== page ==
Carrying your reasoning in this case to its ultimate conclusion would have a US customer of, say, Harrod's in London, England, place an order for several diverse types of goods to give as holiday gifts. If Harrod's packaged them all together, invoicing the goods separately, as I am sure was done here, the importer could then claim that the whole magilla was "put up in a set" for Customs purposes. This simply flies in the face of reason.

The courts got this one right.

your faithful Customs retiree.

Anonymous said...

As I have understood it anything that is "extra" should be classified separately. For example if you have a set of 3 nightlights that require 1 light bulb each and this set comes with 6 light bulbs - 3 to power up the nightlights and 3 "extra" bulbs - you must declare the 3 "extra" bulbs as a separate line item. Essentially if there are components, such as lightbulbs or batteries, that are in excess of actually powering up or being able to be used by the set at one time - they are classified separate. This seems to fall in line with the logic of the courts.

Larry said...

To my faithful retiree . . . I understand your position up to a point. If Harrod's packaged a book, a pair of driving gloves, and a box of shortbread cookies, there would be no retail set. But, in my view, it is not because the customer selected the items. Rather, it is because the items are not put together for a single purpose. If, on the other hand, the customer selected and Harrod's shipped loose tea, a tea infuser, a tea pot, and a tea cup, I believe the collection should be classified as a retail set under GRI 3(b).

Anonymous, I completely agree that your analysis falls in line with the court's reasoning. But, I would not call a single additional battery for use with a laptop "extra." It strikes me as entirely normal for people to use both batteries (serially) on a long plane trip or in other circumstances where power is not available. I think your analysis is stronger if the "extra" item is not related to the main purpose of the set or is clearly in excess of what is needed. In Dell, had the customer ordered one stapler or six batteries, I would agree with you.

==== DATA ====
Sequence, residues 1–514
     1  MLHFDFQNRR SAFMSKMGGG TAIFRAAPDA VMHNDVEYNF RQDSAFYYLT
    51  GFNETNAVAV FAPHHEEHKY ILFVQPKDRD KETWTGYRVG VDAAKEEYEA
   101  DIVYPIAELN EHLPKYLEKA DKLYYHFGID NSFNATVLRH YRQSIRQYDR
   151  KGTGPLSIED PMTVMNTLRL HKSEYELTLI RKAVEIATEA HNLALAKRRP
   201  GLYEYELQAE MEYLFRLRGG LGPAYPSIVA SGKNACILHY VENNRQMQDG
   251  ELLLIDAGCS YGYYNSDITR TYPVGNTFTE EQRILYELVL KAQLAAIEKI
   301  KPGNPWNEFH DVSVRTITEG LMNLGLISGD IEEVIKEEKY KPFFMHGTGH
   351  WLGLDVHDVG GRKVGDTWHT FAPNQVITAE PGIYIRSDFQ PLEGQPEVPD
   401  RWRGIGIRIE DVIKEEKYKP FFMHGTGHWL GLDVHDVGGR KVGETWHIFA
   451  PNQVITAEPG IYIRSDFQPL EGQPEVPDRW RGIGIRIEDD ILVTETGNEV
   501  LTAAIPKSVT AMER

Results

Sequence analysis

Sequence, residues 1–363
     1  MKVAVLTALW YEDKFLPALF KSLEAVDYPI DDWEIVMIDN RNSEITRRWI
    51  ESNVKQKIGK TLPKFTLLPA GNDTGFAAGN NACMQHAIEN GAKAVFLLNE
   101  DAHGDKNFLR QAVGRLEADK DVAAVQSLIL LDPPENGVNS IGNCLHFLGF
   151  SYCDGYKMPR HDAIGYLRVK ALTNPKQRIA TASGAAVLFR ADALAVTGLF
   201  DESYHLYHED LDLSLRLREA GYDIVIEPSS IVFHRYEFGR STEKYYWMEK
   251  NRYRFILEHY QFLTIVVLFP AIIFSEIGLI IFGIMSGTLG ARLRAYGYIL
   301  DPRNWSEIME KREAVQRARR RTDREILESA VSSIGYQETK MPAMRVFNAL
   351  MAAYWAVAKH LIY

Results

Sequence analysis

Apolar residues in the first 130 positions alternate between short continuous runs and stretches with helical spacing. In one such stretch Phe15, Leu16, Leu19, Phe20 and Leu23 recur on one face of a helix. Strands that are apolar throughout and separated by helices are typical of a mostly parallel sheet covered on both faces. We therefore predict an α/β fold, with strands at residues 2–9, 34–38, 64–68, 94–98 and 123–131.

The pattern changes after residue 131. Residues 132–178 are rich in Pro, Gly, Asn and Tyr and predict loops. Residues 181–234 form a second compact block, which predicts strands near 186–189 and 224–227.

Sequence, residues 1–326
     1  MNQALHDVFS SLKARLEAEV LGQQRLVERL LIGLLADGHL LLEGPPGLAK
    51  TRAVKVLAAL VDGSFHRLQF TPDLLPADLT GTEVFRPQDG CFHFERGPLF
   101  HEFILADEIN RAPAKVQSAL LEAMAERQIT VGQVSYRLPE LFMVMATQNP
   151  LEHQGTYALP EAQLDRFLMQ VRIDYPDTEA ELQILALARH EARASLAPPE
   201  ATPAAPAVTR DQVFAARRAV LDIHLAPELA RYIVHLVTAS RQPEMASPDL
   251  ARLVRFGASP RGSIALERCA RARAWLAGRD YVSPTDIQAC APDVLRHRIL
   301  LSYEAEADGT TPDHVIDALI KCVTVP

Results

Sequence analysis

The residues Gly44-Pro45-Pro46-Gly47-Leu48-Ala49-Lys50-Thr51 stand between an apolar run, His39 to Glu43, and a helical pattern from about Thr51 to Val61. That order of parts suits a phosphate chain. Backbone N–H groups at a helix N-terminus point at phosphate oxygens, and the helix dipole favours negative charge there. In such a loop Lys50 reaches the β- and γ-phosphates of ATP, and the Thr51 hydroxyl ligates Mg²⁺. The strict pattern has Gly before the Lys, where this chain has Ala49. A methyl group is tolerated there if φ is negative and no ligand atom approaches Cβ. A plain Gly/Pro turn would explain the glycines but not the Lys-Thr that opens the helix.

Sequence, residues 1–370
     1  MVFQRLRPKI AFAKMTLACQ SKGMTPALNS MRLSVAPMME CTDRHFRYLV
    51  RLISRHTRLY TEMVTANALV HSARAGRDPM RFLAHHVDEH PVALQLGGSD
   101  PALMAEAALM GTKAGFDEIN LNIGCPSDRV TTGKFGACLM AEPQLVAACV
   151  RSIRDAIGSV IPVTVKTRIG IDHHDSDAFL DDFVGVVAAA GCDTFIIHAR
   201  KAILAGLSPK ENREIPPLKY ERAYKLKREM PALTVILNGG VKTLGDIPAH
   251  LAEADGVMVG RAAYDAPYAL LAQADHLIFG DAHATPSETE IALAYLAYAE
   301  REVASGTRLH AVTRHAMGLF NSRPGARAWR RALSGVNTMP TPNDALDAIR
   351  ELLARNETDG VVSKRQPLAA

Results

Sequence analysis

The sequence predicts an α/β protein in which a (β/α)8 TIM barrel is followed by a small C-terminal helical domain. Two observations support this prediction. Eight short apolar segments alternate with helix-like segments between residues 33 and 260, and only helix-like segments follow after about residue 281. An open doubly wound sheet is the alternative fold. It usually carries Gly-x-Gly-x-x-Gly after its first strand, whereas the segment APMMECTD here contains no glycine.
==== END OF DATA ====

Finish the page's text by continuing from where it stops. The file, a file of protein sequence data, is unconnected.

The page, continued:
bifjamod said...

Well, let us leave Congress out of this - they can only make matters worse. Your point of being at a distance from actual entry filing is important, because it applies to both you and Customs. Presumably, this case refers to a retail order packed and shipped from China, as opposed to a US distribution point (as was my iPad, for example.) That being the case, a low level, unskilled entry writer on the Fedex assembly line in Anchorage or Memphis sees a PC and battery, considers it a set - reasonably so - and files accordingly. On a $30 battery, revenue loss under this scenario is around a buck. I understand that on an aggregate basis, there could be a lot of money at issue. But that really only makes sense from an enforcement standpoint if the shipments are imported in a consolidated fashion - say, 500 sets at a time. But even then, $500 is not a wise use of limited resources. As a Customs broker, I tell clients interested in drawback that anything under $500 is not worth pursuing (for example.) it is not worth my time, nor the enormous amount of resources required, to process such a transacion. Which brings me to my point: there is, and must be, a point at which intelligent decisions are made as to how to best utilize resources. Are import specialists being used to ferret out a few dollars in compliance at the expense of millions of dollars in non-compliance? I neither agree nor disagree with the outcome, only the method of achieving it: precedent is set either way, but one has less tangible, but more costly effects. Penny wise, pound foolish.